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Previsualization And Passion, Driving Forces in Photography
The Hooch, The Hooch Is On Fire!
The Technical: Often my photojournalistic roots kick in, as I’ve spent 30-plus years still practicing photojournalism, less than more, but it’s still my forte, and this photo of Elite Agency model Jenni, showcases how my photojournalistic eye is still open.
Elite Agency model Jenni is illuminated with natural daylight filtering from a window at the U.S. Virgin Islands.
Basically this photograph was captured indoors with a Canon 5D (unfortunately not the Mark II which I later acquired) using my Canon 85mm F/2.8L USM lens and the digital camera ISO set at 100. The graininess comes from postproduction in Nik Software, where I first started out with the Bleach Bypass filter, then the Dynamic Skin Softner, followed by their Silver Efex Pro using the Infrared Soft Film filter. I might add, this is done as a plugin in Adobe® Photoshop®. Yes, it’s a few filters, but it beats working in a darkroom where you’ll come out smelling like D-76 (film developer), Dektol (paper developer), stop batch (glacial acetic acid) and fixer (sodium thiosulfate). But, I can assure you, the original color photograph is just as nice, the difference, I wanted to add more mood to the image that what was already provided by using my Canon lens at F/1.2.
Part of my passion in photography is to interject mood into my images. Often the mood I want to create is the feeling that I’m there (you the viewer are there). If you look at the image long enough, you can feel that mood, especially when you gaze into Jenni’s eyes. Traditionally stronger images are those created vertically, not horizontally as we see here, but I went with a horizontal framing and composition because the elbow provides a diagonal, imaginary leading line to her face as it comes from the right corner of the image frame. Notice too, that her face is in the upper left third of the image, following the rules of thirds where you slice an image into thirds, both vertically and horizontally and place your subject at one of those intersecting points. The other key to that placement in this image, is the cropping from the left, thus giving the model space to look into the direction of the action.
Notice the diagonal, imaginary leading line created by Jenni's arm and elbow that bring you to her face, carefully placed in the upper third section of the image.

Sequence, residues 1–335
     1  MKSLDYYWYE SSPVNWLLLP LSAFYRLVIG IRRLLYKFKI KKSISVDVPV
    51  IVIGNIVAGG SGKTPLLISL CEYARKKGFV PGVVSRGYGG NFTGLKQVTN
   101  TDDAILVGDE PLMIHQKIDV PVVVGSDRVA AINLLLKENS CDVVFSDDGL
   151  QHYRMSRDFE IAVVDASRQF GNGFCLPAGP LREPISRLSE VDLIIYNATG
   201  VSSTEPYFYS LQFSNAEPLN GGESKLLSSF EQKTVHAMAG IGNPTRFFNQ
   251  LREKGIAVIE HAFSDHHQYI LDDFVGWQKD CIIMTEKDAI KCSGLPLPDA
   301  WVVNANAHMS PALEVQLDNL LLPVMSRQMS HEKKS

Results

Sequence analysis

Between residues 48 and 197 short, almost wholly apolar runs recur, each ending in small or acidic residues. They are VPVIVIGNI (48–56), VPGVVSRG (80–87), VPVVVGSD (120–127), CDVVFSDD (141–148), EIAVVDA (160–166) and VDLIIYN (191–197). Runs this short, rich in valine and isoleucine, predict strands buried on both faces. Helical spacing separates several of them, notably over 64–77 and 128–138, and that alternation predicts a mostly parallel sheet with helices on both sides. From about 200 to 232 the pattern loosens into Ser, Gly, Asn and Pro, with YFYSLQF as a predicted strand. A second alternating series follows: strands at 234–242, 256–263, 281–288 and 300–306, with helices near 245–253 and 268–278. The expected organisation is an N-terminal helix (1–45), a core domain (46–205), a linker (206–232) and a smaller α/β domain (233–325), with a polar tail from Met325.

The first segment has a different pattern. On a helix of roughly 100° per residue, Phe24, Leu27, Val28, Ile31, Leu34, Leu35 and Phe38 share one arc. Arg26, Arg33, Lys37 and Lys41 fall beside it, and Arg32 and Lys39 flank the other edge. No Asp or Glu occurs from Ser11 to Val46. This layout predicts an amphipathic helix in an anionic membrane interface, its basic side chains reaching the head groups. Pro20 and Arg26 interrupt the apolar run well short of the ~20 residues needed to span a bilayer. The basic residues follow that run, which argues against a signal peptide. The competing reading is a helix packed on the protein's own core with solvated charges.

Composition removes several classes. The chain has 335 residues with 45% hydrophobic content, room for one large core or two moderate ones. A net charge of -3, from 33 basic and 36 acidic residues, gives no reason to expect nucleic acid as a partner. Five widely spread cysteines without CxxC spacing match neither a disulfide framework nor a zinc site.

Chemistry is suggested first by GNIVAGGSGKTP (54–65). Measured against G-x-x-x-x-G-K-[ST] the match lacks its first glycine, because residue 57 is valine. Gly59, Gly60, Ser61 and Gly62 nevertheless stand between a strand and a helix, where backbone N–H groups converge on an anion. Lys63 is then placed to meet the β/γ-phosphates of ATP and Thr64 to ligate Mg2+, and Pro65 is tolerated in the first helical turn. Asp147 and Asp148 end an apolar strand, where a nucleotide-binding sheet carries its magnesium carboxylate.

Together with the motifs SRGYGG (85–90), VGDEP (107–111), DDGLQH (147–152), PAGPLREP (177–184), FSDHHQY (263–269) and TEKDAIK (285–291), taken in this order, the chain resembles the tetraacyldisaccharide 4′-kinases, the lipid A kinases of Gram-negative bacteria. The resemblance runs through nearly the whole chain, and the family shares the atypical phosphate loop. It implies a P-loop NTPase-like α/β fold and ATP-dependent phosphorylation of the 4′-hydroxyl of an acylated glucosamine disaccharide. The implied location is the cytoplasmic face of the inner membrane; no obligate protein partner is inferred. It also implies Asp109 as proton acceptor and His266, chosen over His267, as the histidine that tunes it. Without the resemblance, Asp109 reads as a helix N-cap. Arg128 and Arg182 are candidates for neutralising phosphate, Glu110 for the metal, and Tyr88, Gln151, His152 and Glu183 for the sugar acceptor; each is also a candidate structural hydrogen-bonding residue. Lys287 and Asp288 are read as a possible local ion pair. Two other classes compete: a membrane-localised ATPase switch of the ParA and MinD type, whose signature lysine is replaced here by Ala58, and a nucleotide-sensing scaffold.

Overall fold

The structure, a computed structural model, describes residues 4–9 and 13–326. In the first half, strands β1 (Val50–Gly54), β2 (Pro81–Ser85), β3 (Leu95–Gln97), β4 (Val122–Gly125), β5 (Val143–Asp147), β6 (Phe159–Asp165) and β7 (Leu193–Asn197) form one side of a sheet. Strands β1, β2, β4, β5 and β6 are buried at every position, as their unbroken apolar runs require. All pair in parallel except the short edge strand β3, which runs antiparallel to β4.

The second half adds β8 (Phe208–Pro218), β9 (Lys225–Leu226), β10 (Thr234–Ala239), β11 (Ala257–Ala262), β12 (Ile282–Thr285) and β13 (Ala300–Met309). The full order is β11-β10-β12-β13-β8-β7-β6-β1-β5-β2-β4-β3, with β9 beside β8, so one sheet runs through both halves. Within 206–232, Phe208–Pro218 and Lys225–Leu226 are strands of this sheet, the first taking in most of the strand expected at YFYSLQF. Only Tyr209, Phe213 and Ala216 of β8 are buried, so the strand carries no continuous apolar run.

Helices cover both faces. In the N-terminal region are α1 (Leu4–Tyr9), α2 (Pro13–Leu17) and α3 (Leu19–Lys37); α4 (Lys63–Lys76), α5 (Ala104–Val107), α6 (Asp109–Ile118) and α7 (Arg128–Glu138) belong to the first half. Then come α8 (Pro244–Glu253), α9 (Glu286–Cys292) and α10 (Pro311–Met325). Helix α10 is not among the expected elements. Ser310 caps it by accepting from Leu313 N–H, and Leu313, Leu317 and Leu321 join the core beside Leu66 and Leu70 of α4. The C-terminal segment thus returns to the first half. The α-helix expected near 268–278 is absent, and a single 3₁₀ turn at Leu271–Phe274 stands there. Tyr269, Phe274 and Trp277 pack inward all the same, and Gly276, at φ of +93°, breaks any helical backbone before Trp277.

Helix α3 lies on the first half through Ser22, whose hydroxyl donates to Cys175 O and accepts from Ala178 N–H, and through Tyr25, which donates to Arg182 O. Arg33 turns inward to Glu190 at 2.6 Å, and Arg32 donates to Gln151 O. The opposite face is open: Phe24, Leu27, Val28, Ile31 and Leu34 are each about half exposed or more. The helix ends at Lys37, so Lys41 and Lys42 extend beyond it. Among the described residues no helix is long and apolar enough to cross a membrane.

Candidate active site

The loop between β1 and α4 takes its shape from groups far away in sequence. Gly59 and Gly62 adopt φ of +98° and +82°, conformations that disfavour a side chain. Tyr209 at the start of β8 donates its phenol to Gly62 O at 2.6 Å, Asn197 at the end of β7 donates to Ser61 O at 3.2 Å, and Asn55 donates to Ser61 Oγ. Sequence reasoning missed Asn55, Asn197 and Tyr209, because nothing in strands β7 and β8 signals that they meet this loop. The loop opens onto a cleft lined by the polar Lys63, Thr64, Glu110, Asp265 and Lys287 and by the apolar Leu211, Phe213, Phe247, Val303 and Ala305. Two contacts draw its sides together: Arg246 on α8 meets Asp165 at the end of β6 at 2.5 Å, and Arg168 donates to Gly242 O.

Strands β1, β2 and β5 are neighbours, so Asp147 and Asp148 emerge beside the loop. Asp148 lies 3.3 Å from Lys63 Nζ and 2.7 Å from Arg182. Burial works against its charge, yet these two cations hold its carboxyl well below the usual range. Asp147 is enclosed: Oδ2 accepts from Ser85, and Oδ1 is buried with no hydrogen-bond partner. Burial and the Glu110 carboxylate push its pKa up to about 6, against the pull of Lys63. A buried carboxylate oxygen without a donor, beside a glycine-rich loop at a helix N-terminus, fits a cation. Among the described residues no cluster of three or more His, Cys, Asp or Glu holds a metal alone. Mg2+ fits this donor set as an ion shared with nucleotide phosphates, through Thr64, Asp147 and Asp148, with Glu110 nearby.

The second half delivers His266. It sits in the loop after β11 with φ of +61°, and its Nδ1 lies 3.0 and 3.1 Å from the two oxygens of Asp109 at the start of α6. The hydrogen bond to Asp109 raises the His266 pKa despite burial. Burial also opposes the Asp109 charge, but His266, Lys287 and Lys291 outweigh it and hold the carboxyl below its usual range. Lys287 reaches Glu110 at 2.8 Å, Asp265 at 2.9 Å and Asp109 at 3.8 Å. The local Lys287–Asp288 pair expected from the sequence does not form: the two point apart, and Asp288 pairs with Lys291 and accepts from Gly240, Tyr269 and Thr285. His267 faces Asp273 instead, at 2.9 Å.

My old friend, now long gone into the heavens of paradise, the late Monte Zucker, always stated that the best light comes from the side or back. In this photo of Jenni, she is primarily lit from the side, not from the front, thanks to the filtered window light. Monte was right—God bless him, we miss him dearly.
The Story Behind the Image: One of my favorite places to conduct photography workshops is in the U.S. Virgin Islands. Normally I arrive a couple of days early with my talent, the models, make-up artists and assistants, thus giving them a chance to relax and acclimatize before all the photography workshop attendees arrive. Notice I said attendees, as all photographers, including myself, are students of photography, we never stop learning, not to mention technology changes every Monday when the Board of Directors meet.
A bird's-eye-view of our tropical photography workshop location in the U.S. Virgin Islands.
Regardless, those extra days in the “VI,” as we call it, give us all time to relax before the workshop starts. Not to mention, most everyone starts out with an early morning flight on the day of arrival. I myself take an early morning flight to make the ferry schedule, and because I’m afraid I’ll miss the alarm clock, I stay up through the night and get some extra work done. Obviously we’re all usually exhausted by the time we get to our location, which involves landing in St. Thomas, waiting for what seems like forever in the un-air-conditioned baggage claim area where the temperature feels like a hot Texas summer, and the humidity is 99-percent. Once we have our bags, we jump into “Kevin’s” van and head down to the ferryboat for a five-minute ride across the Caribbean ocean to our tropical location.
Have Working Themes